If you’re going to pay attention to only one Minor League player, make sure it’s Jon Singleton (above), the Astros’ No. 1 prospect and arguably the most intriguing piece the Astros received in the Hunter Pence trade.
During a nine-game hitting streak, Singleton is hitting 15-34 (.441) with three doubles, one triple, three homers, eight runs scored and nine RBIs. He has hits in 17 of his last 18 games and is 27-for-65 over those 18 games. For the season, Singleton is hitting .375 (27-for-72).
Kevin Chapman, whom the Astros acquired from Kansas City in the trade that sent Jason Bourgeois and Humberto Quintero during Spring Training, has allowed two earned runs over 11 innings (1.64 ERA) for the Hooks this season, spanning eight relief appearances. He has held opponents scoreless in his last four appearances, striking out six over 4 1/3 appearances.
Austin Wates (third-round pick, 2010) ended a seven-game hitting streak Friday night against Frisco, but is hitting .329 this season. He has 11 hits in his past eight games with one double, six runs scored and two RBIs. Heading into Friday’s game, he was hitting .353 vs. right-handed pitchers and .333 vs. lefties.
* Brandon Barnes, the Astros’ sixth-round pick in the ’05 Draft, is hitting .365 (27-for-74) over 19 games. He has 14 doubles, four homers and 19 RBS.
* Jake Goebbert is hitting .306 (19-for-62) with five doubles, one triple, two homers and 13 RBIs.
* Jarred Cosart, another top prospect acquired in the Pence trade, is 1-1 with a 3.38 ERA over three starts. He’s allowed five earned runs over 13 1/3 innings with nine walks and 13 strikeouts.
* Jason Stoffel, acquired from the Giants in the Jeff Keppinger trade last year, has allowed one earned run over 8 1/3 relief innings for a 1.08 ERA. He’s issued one walk and struck out nine.
* Andrew Simunic is hitting .389 with eight RBIs over 13 games.
In addition to throwing out the ceremonial first pitch on Monday, April 30, former Astros outfielder Richard Hidalgo will also sign autographs from 6-6:30 p.m. CT on the main concourse behind home plate.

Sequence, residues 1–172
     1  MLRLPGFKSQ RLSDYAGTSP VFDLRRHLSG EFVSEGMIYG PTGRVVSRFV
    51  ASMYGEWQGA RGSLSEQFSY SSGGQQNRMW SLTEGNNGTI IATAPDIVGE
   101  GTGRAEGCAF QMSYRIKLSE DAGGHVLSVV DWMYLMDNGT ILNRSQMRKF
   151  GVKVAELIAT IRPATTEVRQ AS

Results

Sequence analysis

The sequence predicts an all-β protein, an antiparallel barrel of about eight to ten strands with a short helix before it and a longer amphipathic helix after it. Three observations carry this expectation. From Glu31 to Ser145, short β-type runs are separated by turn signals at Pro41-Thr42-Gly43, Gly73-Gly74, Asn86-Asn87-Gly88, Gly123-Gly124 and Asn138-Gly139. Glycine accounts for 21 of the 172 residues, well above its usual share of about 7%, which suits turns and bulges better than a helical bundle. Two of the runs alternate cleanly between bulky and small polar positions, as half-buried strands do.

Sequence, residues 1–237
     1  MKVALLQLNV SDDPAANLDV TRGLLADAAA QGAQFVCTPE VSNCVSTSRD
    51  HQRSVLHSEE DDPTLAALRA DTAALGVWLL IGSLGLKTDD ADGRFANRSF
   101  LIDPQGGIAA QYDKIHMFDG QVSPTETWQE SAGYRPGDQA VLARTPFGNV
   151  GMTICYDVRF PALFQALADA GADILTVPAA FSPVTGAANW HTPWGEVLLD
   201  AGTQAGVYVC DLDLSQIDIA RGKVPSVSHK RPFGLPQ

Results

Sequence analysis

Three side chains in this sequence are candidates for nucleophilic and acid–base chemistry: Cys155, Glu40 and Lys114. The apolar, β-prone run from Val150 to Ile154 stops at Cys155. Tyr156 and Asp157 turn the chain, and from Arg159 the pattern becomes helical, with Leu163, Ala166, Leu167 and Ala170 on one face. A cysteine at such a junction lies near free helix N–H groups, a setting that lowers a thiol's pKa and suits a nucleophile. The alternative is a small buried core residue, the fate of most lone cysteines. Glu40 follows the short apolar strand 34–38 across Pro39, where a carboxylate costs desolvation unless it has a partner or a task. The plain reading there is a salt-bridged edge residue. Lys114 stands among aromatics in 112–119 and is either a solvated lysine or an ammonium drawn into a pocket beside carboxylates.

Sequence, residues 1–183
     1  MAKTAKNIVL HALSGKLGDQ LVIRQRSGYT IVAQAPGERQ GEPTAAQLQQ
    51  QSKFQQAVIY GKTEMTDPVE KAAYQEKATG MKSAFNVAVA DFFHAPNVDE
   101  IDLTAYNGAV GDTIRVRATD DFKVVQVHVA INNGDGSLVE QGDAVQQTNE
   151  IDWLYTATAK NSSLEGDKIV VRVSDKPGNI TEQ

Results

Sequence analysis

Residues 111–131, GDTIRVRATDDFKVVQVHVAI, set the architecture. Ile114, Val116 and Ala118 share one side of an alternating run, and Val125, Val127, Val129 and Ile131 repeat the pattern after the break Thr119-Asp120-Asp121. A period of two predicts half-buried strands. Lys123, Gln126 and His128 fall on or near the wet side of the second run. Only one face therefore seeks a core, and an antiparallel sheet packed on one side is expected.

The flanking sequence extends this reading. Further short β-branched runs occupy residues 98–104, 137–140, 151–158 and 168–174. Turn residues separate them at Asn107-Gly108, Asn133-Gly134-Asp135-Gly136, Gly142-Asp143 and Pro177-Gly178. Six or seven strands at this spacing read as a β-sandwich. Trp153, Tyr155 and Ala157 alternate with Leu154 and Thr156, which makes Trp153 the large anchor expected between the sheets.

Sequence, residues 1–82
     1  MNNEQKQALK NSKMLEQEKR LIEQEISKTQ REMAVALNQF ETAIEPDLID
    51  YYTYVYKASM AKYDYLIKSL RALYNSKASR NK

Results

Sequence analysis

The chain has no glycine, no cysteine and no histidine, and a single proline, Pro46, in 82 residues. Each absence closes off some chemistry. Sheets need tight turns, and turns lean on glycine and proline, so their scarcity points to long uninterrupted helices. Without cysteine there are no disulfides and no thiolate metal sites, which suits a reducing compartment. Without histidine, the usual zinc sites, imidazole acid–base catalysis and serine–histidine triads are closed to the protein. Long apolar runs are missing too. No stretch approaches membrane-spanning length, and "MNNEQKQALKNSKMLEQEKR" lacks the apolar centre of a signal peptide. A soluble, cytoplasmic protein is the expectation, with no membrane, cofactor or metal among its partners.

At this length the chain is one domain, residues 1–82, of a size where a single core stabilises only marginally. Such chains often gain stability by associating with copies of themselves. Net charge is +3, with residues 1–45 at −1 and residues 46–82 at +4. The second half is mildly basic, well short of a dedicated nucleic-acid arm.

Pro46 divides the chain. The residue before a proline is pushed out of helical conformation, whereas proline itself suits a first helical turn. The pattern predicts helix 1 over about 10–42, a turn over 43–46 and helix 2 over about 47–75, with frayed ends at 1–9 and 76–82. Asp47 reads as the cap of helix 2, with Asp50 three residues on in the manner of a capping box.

Hidalgo, who played for the Astros from 1997-2004, will be in Houston next week, and his visit prompted the Astros to add an extra alumni pitch to their season-long celebration of their 50th anniversary. Hidalgo will be the first of two former players to appear at Minute Maid Park during the next homestand. Rusty Staub will be there next Friday, May 4, as part of the Flashback Friday celebration.
Hidalgo’s autograph session will be free to the public. There will be a $25 charge for Staub’s, with all proceeds benefiting the Astros in Action Foundation.
During an Astros road trip to Montreal in 1999, I tagged along with Larry Dierker and Bill Brown for a hike up the locally famous tourist attraction called Mount Royal.
Mount Royal is a mountain, yes, but it has a convenient hiking trail that provides a simple pathway from the bottom to the top that allows you to either jog or walk, depending on your level of fitness.
What you probably can’t tell from your television screen is that Brownie, in his mid-60s, is in the physical shape of a 30-year-old. He’s the model of fitness, a workout fanatic with tree trunks for legs who can hang with men half his age. So Mount Royal, for the then 50-ish Brownie, was a cinch.
I was, at the time, in my mid-20s and still somewhat spry, but I had pretty much decided this trek up the mountain would be done as a walker, not a runner.
And then there was Dierker. He was always an athletic type — tall, lanky, fit — but at this time, only about two months had passed since he had the scary grand mal seizure in the dugout that eventually necessitated complicated brain surgery. Dierker was cleared to go back to work a month after surgery, but the notion of him climbing Mount Royal, this soon after his ordeal, had me a little worried.